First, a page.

It couldn't be easier to add life to soil, says Peter Dowdall.
You can feel the excitement when a family takes over its new home. Once the inside has been suitably designed and decorated, they head for the outdoors.
The wish list is created: A place for the kids to play, a lawn, somewhere to grow some herbs, fruit and veg plants, a hedge to use to define the boundaries, a few trees perhaps, shrubs and flowers, lots of flowers.
Amid visions of dining al fresco and entertaining on long hot summer evenings features such as aspect of the sun and shelter from prevailing winds are all thought about but how often is the most obvious thing of all, taken for granted and forgotten about: the soil.
Modern generations seem to have what can nearly be termed a fear of the soil,the thought of getting dirt on the hands or even worse, the new trainers, is simply unthinkable, anything is preferable.
Is it the result of popular culture and watching too much Love Island or is it something deeper?
Do we connect soil and working the land with our feudal past when the majority of Irish Catholics were kept down, and the only job available was to farm the soil to produce food?
The land and the soil may have become the focus of much of our struggles in history but it is not the soil, that was the problem.
The land isn’t a noose, it shouldn’t force us all to run for the shiny streets of cities for it is the land, the garden, that magical few inches of energy which covers this planet and we call soil which holds all the answers for the problems we face now as a global civilisation.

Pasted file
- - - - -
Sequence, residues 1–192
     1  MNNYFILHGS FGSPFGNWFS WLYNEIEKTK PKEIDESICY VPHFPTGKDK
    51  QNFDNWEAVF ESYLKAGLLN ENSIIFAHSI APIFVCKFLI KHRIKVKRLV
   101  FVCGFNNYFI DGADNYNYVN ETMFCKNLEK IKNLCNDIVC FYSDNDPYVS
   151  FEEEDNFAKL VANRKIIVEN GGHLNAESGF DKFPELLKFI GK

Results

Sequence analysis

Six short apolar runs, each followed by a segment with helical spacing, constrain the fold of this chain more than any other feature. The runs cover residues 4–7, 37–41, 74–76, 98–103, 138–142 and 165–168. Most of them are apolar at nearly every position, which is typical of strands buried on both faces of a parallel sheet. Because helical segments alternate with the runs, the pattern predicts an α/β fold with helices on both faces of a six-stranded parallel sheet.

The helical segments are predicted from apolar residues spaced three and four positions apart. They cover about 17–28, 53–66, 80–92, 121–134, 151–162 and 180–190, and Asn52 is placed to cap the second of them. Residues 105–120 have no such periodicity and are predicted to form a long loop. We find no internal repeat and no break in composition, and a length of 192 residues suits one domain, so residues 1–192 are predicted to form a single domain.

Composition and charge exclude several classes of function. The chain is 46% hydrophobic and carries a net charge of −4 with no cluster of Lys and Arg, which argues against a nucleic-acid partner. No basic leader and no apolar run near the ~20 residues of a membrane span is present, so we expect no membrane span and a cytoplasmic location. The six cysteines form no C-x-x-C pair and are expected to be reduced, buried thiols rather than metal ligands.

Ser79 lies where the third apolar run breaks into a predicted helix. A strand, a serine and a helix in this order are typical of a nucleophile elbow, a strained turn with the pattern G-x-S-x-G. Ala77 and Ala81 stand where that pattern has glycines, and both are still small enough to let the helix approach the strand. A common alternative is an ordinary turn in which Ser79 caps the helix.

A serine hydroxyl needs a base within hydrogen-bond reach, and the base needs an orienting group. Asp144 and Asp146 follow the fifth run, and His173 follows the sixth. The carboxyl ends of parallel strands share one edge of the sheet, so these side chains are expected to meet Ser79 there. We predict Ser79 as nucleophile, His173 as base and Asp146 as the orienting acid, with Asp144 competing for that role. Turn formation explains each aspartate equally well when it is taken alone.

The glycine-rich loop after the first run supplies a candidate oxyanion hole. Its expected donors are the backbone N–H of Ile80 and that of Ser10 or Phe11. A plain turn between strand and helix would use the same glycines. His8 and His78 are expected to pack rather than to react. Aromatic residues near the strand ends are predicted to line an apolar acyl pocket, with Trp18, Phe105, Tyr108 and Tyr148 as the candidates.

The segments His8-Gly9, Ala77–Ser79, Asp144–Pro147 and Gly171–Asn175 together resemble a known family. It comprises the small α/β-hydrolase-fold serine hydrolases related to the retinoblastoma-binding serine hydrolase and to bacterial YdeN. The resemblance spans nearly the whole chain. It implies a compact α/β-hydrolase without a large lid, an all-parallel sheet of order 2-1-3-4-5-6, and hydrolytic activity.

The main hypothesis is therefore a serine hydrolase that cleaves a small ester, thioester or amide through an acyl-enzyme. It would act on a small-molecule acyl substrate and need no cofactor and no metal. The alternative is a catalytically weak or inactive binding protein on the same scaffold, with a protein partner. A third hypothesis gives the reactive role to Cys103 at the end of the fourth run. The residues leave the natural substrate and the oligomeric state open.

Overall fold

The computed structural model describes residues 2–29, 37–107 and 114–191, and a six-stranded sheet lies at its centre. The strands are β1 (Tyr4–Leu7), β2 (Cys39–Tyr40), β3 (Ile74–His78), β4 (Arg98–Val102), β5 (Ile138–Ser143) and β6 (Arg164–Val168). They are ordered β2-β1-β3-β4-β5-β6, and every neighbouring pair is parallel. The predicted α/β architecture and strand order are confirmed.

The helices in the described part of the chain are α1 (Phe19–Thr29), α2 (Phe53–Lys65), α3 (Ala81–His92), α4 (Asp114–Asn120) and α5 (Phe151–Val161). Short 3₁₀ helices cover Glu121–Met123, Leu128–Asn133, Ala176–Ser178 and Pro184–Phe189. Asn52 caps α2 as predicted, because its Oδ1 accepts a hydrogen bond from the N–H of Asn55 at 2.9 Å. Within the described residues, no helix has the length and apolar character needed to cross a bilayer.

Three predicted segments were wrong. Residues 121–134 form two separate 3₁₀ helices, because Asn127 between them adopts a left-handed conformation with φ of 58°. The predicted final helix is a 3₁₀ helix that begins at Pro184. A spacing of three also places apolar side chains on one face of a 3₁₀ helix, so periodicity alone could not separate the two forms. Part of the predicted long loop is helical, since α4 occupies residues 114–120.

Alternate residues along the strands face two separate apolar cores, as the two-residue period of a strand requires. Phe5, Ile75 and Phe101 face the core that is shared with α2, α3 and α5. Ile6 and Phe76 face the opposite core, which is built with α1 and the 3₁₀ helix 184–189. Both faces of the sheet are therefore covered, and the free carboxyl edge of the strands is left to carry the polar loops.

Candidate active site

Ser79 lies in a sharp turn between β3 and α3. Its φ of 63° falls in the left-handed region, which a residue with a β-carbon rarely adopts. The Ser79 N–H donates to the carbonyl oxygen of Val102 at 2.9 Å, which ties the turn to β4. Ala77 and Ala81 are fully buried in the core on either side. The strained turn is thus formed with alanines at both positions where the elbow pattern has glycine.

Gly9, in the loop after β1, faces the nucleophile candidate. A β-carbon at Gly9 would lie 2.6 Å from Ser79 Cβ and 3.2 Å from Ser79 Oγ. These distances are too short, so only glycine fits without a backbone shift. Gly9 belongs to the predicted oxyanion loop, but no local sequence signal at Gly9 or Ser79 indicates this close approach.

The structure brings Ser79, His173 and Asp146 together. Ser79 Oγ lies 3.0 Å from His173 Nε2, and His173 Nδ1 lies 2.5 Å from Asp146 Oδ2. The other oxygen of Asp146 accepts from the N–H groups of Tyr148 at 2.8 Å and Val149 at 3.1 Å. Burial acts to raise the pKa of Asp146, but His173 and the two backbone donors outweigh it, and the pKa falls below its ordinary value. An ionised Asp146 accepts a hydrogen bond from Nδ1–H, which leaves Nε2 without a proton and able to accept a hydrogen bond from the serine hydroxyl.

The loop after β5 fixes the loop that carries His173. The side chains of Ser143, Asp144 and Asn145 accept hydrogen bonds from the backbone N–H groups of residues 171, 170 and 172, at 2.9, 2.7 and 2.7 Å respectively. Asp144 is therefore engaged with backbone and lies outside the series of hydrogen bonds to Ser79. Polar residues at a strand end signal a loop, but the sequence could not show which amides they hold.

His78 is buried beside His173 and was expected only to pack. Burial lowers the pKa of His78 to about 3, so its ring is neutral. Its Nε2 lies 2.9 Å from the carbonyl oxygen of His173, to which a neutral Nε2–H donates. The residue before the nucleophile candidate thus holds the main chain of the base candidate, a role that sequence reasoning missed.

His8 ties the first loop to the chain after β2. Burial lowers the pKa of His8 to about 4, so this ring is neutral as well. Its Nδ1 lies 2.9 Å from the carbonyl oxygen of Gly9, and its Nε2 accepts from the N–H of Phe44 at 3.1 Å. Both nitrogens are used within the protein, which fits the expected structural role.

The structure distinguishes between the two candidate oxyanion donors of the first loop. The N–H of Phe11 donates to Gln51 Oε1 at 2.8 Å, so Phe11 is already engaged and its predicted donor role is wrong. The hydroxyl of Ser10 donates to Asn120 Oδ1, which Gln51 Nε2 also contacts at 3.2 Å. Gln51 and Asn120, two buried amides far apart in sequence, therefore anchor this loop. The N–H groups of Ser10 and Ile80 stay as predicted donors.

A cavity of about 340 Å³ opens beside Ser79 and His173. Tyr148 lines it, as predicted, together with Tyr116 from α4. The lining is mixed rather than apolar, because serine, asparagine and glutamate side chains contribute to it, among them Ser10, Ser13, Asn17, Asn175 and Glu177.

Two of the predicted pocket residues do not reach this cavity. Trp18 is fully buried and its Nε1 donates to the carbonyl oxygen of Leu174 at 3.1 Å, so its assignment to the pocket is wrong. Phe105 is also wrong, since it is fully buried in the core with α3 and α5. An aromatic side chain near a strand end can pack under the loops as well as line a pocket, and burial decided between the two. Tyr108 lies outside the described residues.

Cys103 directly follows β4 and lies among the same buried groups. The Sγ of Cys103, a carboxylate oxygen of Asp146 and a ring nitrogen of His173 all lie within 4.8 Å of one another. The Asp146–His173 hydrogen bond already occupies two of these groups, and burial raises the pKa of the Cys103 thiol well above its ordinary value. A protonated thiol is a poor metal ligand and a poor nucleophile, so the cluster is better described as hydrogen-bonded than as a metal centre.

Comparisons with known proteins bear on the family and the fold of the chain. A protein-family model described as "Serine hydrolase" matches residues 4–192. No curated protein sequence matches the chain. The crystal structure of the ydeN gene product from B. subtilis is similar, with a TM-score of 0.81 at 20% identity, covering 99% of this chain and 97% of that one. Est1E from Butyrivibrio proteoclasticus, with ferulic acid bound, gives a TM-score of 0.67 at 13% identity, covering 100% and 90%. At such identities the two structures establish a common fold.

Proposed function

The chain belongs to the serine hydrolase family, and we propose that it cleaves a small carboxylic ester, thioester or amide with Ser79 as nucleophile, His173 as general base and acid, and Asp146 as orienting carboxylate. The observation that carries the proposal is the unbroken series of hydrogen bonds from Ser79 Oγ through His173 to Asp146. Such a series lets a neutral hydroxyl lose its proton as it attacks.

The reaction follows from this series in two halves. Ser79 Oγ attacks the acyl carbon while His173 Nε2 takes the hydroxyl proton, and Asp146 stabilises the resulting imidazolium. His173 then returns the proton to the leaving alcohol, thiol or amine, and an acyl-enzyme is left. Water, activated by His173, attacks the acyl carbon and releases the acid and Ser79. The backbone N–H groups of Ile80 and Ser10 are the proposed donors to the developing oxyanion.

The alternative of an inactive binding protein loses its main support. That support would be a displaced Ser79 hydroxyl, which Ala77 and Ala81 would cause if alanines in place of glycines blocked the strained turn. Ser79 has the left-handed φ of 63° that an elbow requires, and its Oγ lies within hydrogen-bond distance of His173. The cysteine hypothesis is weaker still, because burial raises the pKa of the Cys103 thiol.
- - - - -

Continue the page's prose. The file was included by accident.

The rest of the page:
Soil needs life, soil creates life and soil is constantly, if slowly, changing. Before you go planting in your garden you do need to check the aspect of the sun and the direction of the prevailing wind.
And you should check the pH of your soil and also of the water that you will be hosing on to the garden.
Before all that, you need to add life to the soil and it couldn’t be easier. There was an old saying that for every €10 you spend on plants you should spend €100 on the soil.
I beg to differ, however, and regard that as marketing talk for making your soil great, is free. The ingredients are all around us.
Soil is made over millennia and comes from the weathering of the parent rock,with layers of subsoil and topsoil above this rock.
The most important part of the soil for us in the garden is that top horizon, made up of organic matter. Simply adding organic matter to the soil will bring the most tired of patches back to life.
Over the centuries the people of Ghana and Liberia have added all their compostable waste to the soil, including ash and char from cooking, bones from meal preparation, by-products from processing handmade soaps, and harvest chaff.
Their soils now contain high concentrations of calcium and phosphorus, as well as two to three times more organic carbon than typical soils of the region.
Today, we see such magical ingredients as waste products to be disposed of in landfill or by incineration.
How does it work? Well, nature does it, we don’t have to lift a finger or a shovel for that matter. You can, if you wish, incorporate the organic matter by digging it into the soil but the no-dig ethos is that by digging we are damaging soil structure and the organisms within.
Fungi will slowly break down much of the organic matter and the powerhouses of the process are the bacterias which instantly get to work on decaying matter and turn it into rich, crumbly black gold.
Earthworms are one of our greatest allies in the garden, working as mini ploughs to munch on the soil humus, covering the soil surface with their casts and aerating the soil as they do so.
Charles Darwin was fascinated with how they worked and his last book, about the action of earthworms outsold The Origin of the Species at the time.
The earthworm was declared sacred and protected by law in Cleopatra’s Egypt and no one was allowed to remove or to harm an earthworm.
The addition of organic matter in the form of homemade compost, leaves, dead, woody material, bark mulch, wood chippings, manures and straw increases the activity of soil microbes and organisms along with improving the structure of the soil, the nutrient content and the ability of the soil to retain nutrients and water.
So before you rush out to plant your new plot, pay a small bit of attention to that magical life force into which you will be placing their roots.